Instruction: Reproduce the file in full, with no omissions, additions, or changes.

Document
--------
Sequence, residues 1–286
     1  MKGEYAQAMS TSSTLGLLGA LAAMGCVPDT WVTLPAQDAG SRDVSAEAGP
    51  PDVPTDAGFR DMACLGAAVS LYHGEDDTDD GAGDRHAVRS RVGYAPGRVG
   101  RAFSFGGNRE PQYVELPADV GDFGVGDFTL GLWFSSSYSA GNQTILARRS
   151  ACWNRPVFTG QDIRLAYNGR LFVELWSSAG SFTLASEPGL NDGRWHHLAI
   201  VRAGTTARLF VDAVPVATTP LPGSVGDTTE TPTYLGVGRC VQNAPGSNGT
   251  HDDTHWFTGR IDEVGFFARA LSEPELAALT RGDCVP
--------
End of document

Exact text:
Sequence, residues 1–286
     1  MKGEYAQAMS TSSTLGLLGA LAAMGCVPDT WVTLPAQDAG SRDVSAEAGP
    51  PDVPTDAGFR DMACLGAAVS LYHGEDDTDD GAGDRHAVRS RVGYAPGRVG
   101  RAFSFGGNRE PQYVELPADV GDFGVGDFTL GLWFSSSYSA GNQTILARRS
   151  ACWNRPVFTG QDIRLAYNGR LFVELWSSAG SFTLASEPGL NDGRWHHLAI
   201  VRAGTTARLF VDAVPVATTP LPGSVGDTTE TPTYLGVGRC VQNAPGSNGT
   251  HDDTHWFTGR IDEVGFFARA LSEPELAALT RGDCVP